HSAS PRIMARILY BENEFIT THE RICH: The Government Accountability Office (GAO) found "that the average income of HSA users was $133,000 in 2004, compared to $51,000 for all non-elderly tax filers." Additionally, these HSAs are being used as tax shelters for the wealthy. In 2004, the "majority of people with HSAs withdrew no funds from the accounts...and HSA participants in the focus groups that the GAO convened spoke of using their HSAs for tax sheltering purposes." Most low-income individuals "do not face high enough tax liability to benefit in a significant way from tax deductions associated with HSAs" and people "with chronic conditions, disabilities, and others with high-cost medical needs may face even greater out-of-pocket costs under HSA-qualified health plans."

HSAS INCREASE THE NUMBER OF UNINSURED: HSAs are "not likely to be an important contributor to expanding coverage among uninsured people" because most of uninsured Americans "do not face high-enough marginal tax rates to benefit substantially from the tax deductibility of HSA contributions." Another study by the Center on Budget and Policy Priorities found that Bush's proposal "would induce some currently uninsured individuals to purchase insurance, but also would encourage some employers to drop health insurance or to reduce the amounts they contribute toward their employees' health insurance costs, since employers would know their workers could get a tax deduction if they purchased coverage on their own. The number of people who would lose coverage due to actions that their employers would take would likely exceed the number of uninsured people who would gain insurance."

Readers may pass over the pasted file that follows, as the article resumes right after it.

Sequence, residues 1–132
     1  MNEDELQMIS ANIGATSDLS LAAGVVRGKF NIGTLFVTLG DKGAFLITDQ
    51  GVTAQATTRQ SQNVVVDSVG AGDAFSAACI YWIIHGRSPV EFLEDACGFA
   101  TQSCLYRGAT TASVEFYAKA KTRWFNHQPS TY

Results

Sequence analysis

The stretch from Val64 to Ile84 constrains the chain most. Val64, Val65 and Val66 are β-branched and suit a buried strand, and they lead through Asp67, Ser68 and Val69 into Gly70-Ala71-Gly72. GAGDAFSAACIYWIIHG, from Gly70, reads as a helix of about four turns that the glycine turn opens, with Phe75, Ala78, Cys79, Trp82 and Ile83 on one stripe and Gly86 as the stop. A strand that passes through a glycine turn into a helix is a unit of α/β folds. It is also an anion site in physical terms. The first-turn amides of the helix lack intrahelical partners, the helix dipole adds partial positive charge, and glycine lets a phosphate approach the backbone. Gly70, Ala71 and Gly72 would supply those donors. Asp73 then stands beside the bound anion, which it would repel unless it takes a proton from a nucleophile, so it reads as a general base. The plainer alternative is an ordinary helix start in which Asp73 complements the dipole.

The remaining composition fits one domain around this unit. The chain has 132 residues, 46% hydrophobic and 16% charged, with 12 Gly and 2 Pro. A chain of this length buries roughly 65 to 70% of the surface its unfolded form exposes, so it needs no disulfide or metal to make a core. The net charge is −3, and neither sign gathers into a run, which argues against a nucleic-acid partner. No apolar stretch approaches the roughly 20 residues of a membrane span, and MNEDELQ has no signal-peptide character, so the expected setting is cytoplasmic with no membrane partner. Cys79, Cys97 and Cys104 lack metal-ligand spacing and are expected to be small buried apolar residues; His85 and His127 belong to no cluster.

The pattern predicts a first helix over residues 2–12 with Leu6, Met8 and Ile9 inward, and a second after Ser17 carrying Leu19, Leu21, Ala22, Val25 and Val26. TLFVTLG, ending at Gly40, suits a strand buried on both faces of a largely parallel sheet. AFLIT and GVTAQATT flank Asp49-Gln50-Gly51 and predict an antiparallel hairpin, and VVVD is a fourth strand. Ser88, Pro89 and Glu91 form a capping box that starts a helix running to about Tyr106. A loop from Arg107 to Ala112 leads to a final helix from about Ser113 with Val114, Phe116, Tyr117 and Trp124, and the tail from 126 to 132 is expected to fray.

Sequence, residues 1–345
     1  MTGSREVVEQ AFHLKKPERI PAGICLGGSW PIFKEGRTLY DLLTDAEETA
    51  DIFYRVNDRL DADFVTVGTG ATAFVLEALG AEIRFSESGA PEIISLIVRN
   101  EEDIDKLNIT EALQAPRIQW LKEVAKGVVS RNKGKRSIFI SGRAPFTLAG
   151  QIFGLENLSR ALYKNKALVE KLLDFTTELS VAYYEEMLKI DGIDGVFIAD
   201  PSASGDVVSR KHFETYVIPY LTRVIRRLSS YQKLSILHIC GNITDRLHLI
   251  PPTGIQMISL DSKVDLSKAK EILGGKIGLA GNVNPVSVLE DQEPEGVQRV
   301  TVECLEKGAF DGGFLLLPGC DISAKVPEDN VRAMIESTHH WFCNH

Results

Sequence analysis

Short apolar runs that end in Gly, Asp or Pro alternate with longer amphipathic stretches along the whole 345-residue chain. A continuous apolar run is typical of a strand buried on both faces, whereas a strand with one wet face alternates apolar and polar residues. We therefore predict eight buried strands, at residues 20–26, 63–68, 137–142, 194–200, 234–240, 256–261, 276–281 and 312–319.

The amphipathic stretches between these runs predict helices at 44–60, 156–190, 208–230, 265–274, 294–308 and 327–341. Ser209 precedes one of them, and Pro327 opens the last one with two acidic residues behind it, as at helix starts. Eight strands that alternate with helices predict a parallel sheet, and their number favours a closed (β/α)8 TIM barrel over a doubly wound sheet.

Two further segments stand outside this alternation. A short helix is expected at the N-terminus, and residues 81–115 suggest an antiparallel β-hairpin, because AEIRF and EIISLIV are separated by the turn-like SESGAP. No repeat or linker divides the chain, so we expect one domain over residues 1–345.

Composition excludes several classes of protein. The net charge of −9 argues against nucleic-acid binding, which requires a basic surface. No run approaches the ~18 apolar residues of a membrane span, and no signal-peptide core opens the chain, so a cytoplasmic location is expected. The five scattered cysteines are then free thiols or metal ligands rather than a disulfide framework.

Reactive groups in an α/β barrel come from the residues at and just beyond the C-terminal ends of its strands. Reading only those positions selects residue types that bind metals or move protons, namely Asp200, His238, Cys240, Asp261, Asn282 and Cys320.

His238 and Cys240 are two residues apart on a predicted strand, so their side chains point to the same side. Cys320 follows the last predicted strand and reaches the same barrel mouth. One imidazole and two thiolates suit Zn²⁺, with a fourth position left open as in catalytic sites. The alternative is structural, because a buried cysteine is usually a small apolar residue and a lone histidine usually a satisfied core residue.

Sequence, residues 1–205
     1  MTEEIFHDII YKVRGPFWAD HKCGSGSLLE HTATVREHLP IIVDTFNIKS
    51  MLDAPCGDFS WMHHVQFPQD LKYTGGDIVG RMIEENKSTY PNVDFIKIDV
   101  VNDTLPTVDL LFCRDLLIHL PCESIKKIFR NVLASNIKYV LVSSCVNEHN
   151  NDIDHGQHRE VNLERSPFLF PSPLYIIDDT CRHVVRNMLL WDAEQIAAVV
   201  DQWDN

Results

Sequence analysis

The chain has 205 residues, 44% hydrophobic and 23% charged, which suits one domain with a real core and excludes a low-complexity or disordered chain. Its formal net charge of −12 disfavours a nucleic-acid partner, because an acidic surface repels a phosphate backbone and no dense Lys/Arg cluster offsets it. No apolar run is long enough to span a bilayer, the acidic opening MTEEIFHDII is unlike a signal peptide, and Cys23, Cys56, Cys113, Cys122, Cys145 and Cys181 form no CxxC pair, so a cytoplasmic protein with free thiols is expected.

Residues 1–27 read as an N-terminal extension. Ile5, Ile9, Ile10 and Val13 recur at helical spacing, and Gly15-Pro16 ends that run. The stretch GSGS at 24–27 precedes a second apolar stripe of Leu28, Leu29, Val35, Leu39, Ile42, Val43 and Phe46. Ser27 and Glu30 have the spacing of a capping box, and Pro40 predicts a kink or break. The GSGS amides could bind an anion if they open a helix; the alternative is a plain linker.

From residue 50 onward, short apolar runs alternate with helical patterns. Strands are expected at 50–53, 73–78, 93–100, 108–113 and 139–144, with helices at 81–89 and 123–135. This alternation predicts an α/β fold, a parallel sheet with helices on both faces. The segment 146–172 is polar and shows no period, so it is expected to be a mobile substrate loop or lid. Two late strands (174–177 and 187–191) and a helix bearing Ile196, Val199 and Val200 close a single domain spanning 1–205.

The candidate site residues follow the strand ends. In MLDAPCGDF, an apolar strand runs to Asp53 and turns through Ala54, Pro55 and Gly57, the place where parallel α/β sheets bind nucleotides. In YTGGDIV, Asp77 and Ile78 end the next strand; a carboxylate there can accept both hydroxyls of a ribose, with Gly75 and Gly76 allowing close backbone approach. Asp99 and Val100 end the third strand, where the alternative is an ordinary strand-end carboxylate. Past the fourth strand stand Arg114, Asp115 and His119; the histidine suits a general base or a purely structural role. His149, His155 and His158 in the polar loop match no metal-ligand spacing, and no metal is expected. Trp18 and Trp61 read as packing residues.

AMERICANS ARE DISSATISFIED WITH HSAS: Just 33-42 percent of enrollees in consumer-driven health plans were satisfied with their health care, compared to 63 percent of those people with traditional coverage. Two-thirds of people prefer an employer-selected set of plans over an employer-funded account and choosing insurance on their own

Energy -- Climate Change

What Bush will say: President Bush will discuss climate change in his State of the Union address for the first time, but remains opposed to mandatory caps on global warming pollution. White House Press Secretary Tony Snow said, "If you're talking about enforceable carbon caps, in terms of industry wide and nationwide, we knocked that down. That's not something we're talking about." 

What you need to know: Any comprehensive solution to the climate crisis must involve enforceable caps on global warming pollution.

BUSH'S VOLUNTARY APPROACH HAS FAILED TO CURB EMISSIONS: Carbon dioxide emissions in the U.S. have increased by 354 million metric tons since 2001. The Energy Department's latest analysis projects America's carbon dioxide emissions will increase by one third from 2005 to 2030. 

BUSH STILL DENIES FUNDAMENTAL CLIMATE SCIENCE: Last February, President Bush claimed there is still "a debate over whether [global warming] is man-made or naturally caused." There is no real scientific debate over this question. Most recently, the National Academy of Sciences has unequivocally stated that natural causes cannot explain the unprecedented warmth over the last 400 years. Rather, "human activities are responsible for much of the recent warming," the report states.